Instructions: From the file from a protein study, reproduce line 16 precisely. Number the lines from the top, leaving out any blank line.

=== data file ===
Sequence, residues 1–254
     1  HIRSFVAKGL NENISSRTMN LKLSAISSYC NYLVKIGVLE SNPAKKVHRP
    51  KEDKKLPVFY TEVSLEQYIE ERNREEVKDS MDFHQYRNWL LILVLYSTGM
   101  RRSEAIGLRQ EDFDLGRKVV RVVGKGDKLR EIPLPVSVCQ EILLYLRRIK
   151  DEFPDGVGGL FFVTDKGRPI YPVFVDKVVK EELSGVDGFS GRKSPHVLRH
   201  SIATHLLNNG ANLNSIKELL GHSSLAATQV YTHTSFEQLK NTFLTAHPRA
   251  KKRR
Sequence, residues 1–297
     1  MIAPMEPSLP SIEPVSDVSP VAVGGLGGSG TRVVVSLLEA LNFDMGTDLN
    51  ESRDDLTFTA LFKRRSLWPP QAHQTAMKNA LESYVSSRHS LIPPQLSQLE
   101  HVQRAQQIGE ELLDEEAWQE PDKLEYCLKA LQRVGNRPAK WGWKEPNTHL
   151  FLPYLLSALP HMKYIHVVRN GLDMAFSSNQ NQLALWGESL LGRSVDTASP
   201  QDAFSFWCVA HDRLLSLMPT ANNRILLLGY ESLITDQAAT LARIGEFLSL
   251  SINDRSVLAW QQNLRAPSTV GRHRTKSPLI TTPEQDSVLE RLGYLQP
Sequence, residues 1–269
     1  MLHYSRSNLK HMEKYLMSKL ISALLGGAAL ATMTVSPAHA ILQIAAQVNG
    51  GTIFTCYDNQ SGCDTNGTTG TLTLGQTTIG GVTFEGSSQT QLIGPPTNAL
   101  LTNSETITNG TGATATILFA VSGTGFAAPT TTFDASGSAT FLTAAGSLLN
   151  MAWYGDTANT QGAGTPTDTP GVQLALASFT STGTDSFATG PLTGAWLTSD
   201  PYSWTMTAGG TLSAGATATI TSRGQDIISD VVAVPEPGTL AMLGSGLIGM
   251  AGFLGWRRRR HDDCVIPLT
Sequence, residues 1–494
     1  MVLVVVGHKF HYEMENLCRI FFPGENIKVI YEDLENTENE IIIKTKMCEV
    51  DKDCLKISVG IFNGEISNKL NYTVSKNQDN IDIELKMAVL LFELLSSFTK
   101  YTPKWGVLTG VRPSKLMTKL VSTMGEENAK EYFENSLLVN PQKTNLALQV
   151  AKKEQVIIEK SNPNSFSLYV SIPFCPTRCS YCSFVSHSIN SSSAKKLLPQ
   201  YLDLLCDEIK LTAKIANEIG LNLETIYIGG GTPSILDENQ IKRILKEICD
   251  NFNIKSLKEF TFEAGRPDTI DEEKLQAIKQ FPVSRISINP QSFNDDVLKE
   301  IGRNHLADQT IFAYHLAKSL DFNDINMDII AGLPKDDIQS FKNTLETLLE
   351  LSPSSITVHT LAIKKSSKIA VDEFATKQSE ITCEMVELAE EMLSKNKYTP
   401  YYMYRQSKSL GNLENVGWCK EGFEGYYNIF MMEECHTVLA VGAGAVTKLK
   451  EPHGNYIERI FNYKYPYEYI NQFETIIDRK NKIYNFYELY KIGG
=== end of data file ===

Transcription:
     1  MLHYSRSNLK HMEKYLMSKL ISALLGGAAL ATMTVSPAHA ILQIAAQVNG